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Assessment of workplace accidents and risk reduction mechanisms among filling station pump operators in Aba, southeast Nigeria Aguwa EN Arinze-Onyia SU.

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Presentation on theme: "Assessment of workplace accidents and risk reduction mechanisms among filling station pump operators in Aba, southeast Nigeria Aguwa EN Arinze-Onyia SU."— Presentation transcript:

1 Assessment of workplace accidents and risk reduction mechanisms among filling station pump operators in Aba, southeast Nigeria Aguwa EN Arinze-Onyia SU Asuzu MC

2 Background Filling/petrol/gas station pump operators dispense fuel These stations are where fuel & lubricants are sold Examples of fuel are 1.petrol (Premium Motor Spirit – PMS); 2.diesel (Automated Gas Oil – AGO) 3.Kerosene (Dual Purpose Kerosene – DPK)

3 Incidentally Increased proliferation of fuel stations Increase in fuel pump operators Stations are erected without following government regulations and standard safety practices for obtaining operational license from the regulatory body (Afolabi et al.2011). Living within 100m of fuel station is dangerous to health

4 Associated hazards Studies have established these stations as hazardous work places (Ahmed et al 2011) Inhalation of benzene, toluene, ethylbenzene and xylene poisoning Benzene conc was 3 times more than a recommended threshold of 0.5 ppm (Bahrami et al 2007). Benzene poisoning has been associated with leukemia (Brosselin et al 2009)

5 Other potential hazards Lead poisoning (91 – 100% of our fuel contains lead) Fire outbreaks Slips & Falls Work stress

6 Study Justification There is paucity of local literature on this group of workers - Prevalence of workplace accidents - What are the justifications for the warning signs?

7 Study objectives To obtain the knowledge of workplace hazards and use of PPEs To identify workplace accidents To identify risk reduction mechanisms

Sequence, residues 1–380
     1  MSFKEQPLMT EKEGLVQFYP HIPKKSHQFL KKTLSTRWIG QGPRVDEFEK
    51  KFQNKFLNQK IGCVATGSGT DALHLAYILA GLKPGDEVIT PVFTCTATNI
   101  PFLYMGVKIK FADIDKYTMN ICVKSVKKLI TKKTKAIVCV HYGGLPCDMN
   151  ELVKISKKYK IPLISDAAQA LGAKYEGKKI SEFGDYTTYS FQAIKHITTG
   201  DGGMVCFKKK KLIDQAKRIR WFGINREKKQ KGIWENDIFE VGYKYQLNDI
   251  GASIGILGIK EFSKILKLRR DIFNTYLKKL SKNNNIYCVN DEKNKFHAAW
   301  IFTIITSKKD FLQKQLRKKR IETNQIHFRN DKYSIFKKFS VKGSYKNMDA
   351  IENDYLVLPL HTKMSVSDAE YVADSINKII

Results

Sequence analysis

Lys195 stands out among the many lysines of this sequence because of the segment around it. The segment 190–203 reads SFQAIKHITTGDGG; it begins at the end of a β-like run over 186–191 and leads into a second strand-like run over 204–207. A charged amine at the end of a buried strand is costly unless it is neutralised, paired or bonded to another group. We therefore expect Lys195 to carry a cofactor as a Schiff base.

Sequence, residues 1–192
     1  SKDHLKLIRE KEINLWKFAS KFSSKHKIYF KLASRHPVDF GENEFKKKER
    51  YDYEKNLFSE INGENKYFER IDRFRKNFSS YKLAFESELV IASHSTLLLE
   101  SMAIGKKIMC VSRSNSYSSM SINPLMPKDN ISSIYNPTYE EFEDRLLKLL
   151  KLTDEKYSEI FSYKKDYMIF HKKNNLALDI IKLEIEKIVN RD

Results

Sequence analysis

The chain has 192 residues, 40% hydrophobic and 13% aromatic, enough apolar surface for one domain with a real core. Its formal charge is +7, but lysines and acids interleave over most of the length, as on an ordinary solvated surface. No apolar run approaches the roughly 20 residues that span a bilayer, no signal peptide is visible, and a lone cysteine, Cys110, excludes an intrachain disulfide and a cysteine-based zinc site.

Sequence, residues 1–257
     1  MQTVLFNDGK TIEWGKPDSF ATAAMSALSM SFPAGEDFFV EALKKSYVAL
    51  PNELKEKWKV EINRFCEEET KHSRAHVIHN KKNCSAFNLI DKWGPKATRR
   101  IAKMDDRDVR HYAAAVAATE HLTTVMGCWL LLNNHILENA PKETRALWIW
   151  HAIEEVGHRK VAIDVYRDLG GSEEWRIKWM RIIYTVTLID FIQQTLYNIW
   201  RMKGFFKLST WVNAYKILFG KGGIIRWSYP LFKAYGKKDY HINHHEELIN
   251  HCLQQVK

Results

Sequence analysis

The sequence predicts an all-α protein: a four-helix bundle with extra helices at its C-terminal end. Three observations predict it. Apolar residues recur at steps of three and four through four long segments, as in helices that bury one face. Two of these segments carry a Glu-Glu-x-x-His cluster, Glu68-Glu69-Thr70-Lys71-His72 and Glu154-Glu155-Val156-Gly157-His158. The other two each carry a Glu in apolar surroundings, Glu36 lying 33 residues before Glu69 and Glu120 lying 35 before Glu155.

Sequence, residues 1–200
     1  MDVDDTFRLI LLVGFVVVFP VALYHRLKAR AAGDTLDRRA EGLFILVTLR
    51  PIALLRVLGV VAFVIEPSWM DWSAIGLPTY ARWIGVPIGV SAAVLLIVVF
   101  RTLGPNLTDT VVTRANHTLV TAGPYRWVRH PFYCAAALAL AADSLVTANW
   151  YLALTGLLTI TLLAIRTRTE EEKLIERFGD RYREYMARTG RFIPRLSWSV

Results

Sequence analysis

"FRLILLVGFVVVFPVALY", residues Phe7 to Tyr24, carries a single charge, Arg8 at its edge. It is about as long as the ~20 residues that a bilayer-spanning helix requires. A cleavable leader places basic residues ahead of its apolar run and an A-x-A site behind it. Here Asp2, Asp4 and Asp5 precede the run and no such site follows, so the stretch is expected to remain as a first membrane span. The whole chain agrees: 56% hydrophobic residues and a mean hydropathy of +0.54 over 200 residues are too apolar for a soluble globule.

8 Study methods It was a descriptive cross-sectional study carried out in the last quarter of 2013 in Aba metropolis Ethical permit was obtained from Ethics Committee of University of Nigeria Teaching Hospital Enugu Individual informed consent was obtained from the respondents The total number of registered petrol stations in Aba metropolis obtained from the Dept of Petroleum Resources in Abia State is 183

9 Study method contd. All the filling stations were invited to be part of the study Only 170 gave informed consent (response rate = 92.9%). For each station, where there is more than one pump operator, balloting was used to select the respondent for the study. Study instruments were a semi-structured questionnaire and an observational checklist Pre-test was in Umuahia.

10 The questionnaire The questionnaire had 6 sections: the demographic variables work experience work habits workplace accidents (a workplace accident for this study is defined as an unexpected and unplanned occurrence, arising out of or in connection with work which results in one or more workers incurring a personal injury, disease or death) related symptoms; work policies; provision and use of PPEs.

11 Note Where the respondent’s information did not agree with the observation, the observed information was preferred, e.g., in conditions of hazard signs on the workplace.

12 Inclusion criteria Those who gave informed consent Must have worked for at least 1 year Located in the study area Exclusion criteria Not registered with the department of petroleum resources